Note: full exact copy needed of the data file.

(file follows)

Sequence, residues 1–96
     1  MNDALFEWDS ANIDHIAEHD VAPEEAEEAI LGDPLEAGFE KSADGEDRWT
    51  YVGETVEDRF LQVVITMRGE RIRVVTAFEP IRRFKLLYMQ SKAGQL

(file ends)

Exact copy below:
Sequence, residues 1–96
     1  MNDALFEWDS ANIDHIAEHD VAPEEAEEAI LGDPLEAGFE KSADGEDRWT
    51  YVGETVEDRF LQVVITMRGE RIRVVTAFEP IRRFKLLYMQ SKAGQL